Creative ideas to minimize loss?

6 Replies

Hi all, 

I currently own two rental properties and have owned a few additional about a decade ago when I lived in another state. 
I'm currently in the process of starting to build my portfolio again, almost through a BRRRR on another right now with hopes to get into yet another within 6 months max.
My question: 
One of my rentals was purchased by me as a primary residence when I was 28 yrs old or so.  Its a Condo, and I bought it at the absolute PEAK of the market in 2005-2006 and lived there for 10 years.  Terrible purchase.  
I have since moved out of there.  It was not purchased as a rental at the time, but due to the crashing market, it was/is underwater and I had to convert it to a rental because I couldn't sell it.  
I have a great tenant in there (going on 3 years with slight rental increases every year).  He takes great care of the space, does minor maintenance himself, and I get the rent usually EARLY by a day or two.  Rent is currently at market rate or maybe $25 below, can't really raise it much anymore right now at all.  
However, since it was not purchased as a rental in 2005, it doesn't make monetary investment sense.  It still loses money each month, to the tune of about $150/mo.  On top of that, the condo association (very small, 6 units only) is a disaster and is nearly bankrupt, the shared space (i.e. yard, parking lot) are in terrible shape, and the current association officers won't take steps to collect against past due association fee owners.  I ran the association in 2009-2012 or so, and I filed court papers and garnished wages against deadbeat owners. Unfortunately, they quit their jobs and escaped the garnishment, and the local sheriff is not helpful when it comes to chasing these types of things as its considered "small potatoes".  Getting the money due to the association from the deadbeat owners is basically impossible.  
I can't refinance because the crash of the market versus the amortization of my mortgage on the space means that the balance due (principal) is basically equivalent to the appraised value of the property.  The mortgage companies won't touch a ReFi because they'll only refi at 80% of appraised value.  I can't sell it because when I factor in closing costs, commissions, etc I'll have to bring at least 10K to the table.  
Any creative ideas to minimize this loss now?  It doesn't seem like a ton of money, but owning this one is definitely slowing my progress toward picking up actual money-making investment properties.  Its eating into my other rental income profits and slowing my ability to have cash available for purchases when a hot deal crosses my path. 
Thanks for any ideas you can throw at me!
Brian

Sell it, take the $10k temporary loss, and move on with the cash you do take out of it.  Staying with this deal, and continuously losing money is foolish.  You must stop the bleeding.  Once you are out of the bad deal, you can take the cash you do get out of it, and invest in a property that will make money...meaning, you will recover the temporary losses you have now, and start making a profit again.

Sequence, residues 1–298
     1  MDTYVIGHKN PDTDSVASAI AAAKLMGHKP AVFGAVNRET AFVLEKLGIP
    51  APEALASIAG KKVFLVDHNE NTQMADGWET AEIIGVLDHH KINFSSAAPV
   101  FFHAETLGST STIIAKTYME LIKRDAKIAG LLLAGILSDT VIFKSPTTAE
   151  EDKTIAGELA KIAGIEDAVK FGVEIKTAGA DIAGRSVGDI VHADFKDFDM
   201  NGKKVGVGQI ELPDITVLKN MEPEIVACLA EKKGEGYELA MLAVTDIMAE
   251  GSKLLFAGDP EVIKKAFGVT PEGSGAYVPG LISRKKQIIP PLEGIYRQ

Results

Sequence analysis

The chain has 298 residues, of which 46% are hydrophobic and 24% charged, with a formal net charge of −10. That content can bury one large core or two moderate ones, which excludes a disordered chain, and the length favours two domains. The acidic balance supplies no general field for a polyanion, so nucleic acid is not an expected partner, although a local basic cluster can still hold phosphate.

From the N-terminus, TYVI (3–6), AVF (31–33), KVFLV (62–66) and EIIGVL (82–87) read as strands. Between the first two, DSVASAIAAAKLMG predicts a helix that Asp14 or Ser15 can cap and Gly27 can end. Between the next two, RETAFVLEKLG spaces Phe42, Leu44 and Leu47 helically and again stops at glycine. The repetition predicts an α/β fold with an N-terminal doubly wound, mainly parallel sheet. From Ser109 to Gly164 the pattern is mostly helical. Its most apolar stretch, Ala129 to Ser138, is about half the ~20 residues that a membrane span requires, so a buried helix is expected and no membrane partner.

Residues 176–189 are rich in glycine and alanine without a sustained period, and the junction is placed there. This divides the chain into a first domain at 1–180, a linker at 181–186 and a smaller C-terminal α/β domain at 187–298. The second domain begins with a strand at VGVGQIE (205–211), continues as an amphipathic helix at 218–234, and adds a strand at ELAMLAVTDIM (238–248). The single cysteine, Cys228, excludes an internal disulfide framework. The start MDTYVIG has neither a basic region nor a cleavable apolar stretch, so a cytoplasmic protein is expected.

Staying with a bad hand, and continuously "betting on it", will get you out of the game fast.  Just move forward.  As long as you have money to move forward, you haven't lost anything.

@Brian Stike i think your best course of action is to continue to rent the property and take your small loss each month. I own well over 100 units and quite a few are losers. Some small and some large but in the long run and in the grand scheme of things if you hold onto to real estate long enough it will typically appreciate and dig itself out of a hole. The question is how long that will take and how much loss can you sustain. My other properties more than make up for the bad investments I have made.

The other option is to sell for what you can get and take the loss now. If you can afford to come to closing with a check then get out now and learn from it.

I dont think there is an easy answer for you but these are the two things that I have done in the past due to similar circumstances as you have stated.

There are no creative ideas in my opinion. You are in a bad situation that is likley only going to get worse based on your assessment of the HOA. Smart investors know when to shed themselves of a bad investment. You need to sell now, before it gets worse, and cut your loses.

If you had a great HOA, I would tell you to consider holding it if you can carry the loss and you expect some more appreciation in the area. However, with a failing, nearly bankrupt HOA I would RUN, do not walk away but RUN AWAY from this. Right now you are losing $1800 per year. it'll take 5 years of ownership to make selling a better option, but if there is a major capital expense that causes special assessments, it'll screw you and kill your condo's value.

Don't forget opportunity cost of what you can be doing with that $150 per month. I know you wanna be emotional because you spent a lot of money and held it so long, but that's all sunk costs. Investors don't consider spent money because it's already gone.

Final note, talk to your CPA. Maybe you can write off the $10k loss, and save a couple grand in taxes.

Might be best to get rid of it, clear yourself of the burden and focus your time, efforts, and money elsewhere on a deal that can make you money.

Thanks for the tips everyone.  I've been leaning heavily toward trying to dump it for about a year.  
In about 9-12 months the amortization should be such that I will ALMOST break even if the market stays close to where it is now.  That'll be the goal - unload it in 9-12 months and take a small loss and move on.  
Thanks!